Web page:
On March 30, 2017, SpaceX did something no space program had done before: They relaunched an orbital class rocket from Earth that had successfully achieved lift-off just a year earlier. It wasn’t the first time Elon Musk’s company broke new ground: In December 2015, it nailed the landing on a reusable rocket—the first time that had been done—and five months later landed a rocket on a droneship in the middle of the ocean, which was also unprecedented. These feats marked significant moments in the history of space travel, but they were just a few of the steps in the long, messy journey to achieve them. In SpaceX’s new blooper reel, spotted by Ars Technica, you can see just some of the many failures the company has had along the way.

The video demonstrates that failure is an important part of the scientific process. Of course when the science you’re working in deals with launching and landing rockets, failure can be a lot more dramatic than it is in a lab. SpaceX has filmed their rockets blowing up in the air, disintegrating in the ocean, and smashing against landing pads, often because of something small like a radar glitch or lack of propellant.

While explosions—or “rapid unscheduled disassemblies,” as the video calls them—are never ideal, some are preferable to others. The Falcon 9 explosion that shook buildings for miles last year, for instance, ended up destroying the $200 million Facebook satellite onboard. But even costly hiccups such as that one are important to future successes. As Musk once said, “If things are not failing, you are not innovating enough.”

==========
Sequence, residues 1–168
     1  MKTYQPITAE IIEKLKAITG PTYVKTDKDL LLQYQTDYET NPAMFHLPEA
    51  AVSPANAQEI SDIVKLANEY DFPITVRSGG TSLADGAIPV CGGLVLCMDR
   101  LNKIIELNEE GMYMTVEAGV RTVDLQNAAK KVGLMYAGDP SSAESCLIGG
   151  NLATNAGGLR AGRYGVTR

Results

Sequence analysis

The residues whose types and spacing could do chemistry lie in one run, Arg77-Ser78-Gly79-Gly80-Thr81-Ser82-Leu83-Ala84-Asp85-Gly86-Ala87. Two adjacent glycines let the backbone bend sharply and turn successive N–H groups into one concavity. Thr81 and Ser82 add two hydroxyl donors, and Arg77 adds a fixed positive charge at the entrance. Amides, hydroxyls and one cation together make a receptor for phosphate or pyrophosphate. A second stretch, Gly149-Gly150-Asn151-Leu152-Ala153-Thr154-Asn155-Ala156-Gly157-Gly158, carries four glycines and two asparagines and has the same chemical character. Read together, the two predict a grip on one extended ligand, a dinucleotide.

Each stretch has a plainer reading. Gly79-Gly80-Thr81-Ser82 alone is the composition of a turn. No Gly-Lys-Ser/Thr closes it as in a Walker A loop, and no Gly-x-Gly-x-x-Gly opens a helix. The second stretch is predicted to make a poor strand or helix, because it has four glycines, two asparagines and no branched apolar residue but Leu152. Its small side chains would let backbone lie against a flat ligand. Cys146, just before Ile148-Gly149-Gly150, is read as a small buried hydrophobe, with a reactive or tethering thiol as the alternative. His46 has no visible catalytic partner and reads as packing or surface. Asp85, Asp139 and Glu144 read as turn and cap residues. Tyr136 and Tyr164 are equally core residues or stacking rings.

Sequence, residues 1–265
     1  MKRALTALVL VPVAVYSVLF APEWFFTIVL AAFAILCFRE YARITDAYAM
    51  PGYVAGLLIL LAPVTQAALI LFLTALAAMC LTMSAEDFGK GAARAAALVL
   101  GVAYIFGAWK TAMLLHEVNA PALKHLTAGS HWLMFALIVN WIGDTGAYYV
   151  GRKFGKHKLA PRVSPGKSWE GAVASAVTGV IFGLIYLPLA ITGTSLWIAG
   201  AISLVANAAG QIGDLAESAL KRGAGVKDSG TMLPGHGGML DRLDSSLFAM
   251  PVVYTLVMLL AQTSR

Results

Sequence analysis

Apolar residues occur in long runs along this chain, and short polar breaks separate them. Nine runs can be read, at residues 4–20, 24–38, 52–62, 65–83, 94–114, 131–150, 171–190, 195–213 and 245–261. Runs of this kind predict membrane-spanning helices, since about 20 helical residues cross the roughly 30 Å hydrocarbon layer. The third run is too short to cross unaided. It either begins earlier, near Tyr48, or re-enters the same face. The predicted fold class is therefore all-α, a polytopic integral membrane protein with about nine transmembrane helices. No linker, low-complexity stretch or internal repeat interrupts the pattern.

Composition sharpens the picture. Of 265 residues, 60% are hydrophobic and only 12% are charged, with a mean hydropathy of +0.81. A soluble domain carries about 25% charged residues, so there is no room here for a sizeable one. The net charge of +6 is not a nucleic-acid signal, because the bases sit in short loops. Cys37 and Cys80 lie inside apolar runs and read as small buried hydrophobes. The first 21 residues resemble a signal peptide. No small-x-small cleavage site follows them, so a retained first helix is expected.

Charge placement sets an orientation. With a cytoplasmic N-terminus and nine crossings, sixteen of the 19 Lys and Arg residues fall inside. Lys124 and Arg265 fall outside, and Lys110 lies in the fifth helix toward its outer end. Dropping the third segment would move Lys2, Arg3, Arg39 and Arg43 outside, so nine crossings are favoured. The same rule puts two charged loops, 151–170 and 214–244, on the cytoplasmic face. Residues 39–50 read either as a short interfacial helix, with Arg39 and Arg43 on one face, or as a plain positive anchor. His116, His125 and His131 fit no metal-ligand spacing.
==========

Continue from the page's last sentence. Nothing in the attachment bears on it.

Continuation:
You can watch the fiery compilation below.

[h/t Ars Technica]

Original image

SpaceX’s Falcon 9 rocket launches.

NASA/Getty Images

Here’s Where You Can Watch a Livestream of Cassini’s Final Moments

Original image

NASA/Getty Images

It’s been a road trip like no other. After seven years and 2.2 billion miles, the NASA orbiter Cassini finally arrived at the Saturn system on June 30, 2004. Ever since, it’s been capturing and transmitting valuable data about the distant environment. From sending the Huygens probe to land on the moon Titan to witnessing hurricanes on both of the planet’s poles, Cassini has informed more than 3000 scientific papers.

It’s been as impressive a mission as any spacecraft has ever undertaken. And tomorrow, Cassini will perform one last feat: sacrificing itself to Saturn’s intense atmosphere. Project scientists are deliberately plunging it into the planet in order to secure just a little more data—and to keep the spacecraft, which is running low on fuel, from one day colliding with a Saturnian moon that might harbor life.

Because it won’t have time to store anything on its hard drive, Cassini will livestream its blaze of glory via NASA. The information will be composed mostly of measurements, since pictures would take too long to send. Instead, we’ll get data about Saturn’s magnetic field and the composition of its dust and gas.

“As we fly through the atmosphere, we are able to literally scoop up some molecules, and from those we can figure out the ground truth in Saturn’s atmosphere,” Scott Edgington, a Cassini project scientist, told New Scientist. “Just like almost everything else in this mission, I expect to be completely surprised.”

The action will kick off at 7 a.m. EDT on Friday, September 15. Scientists expect to say goodbye to Cassini less than an hour later.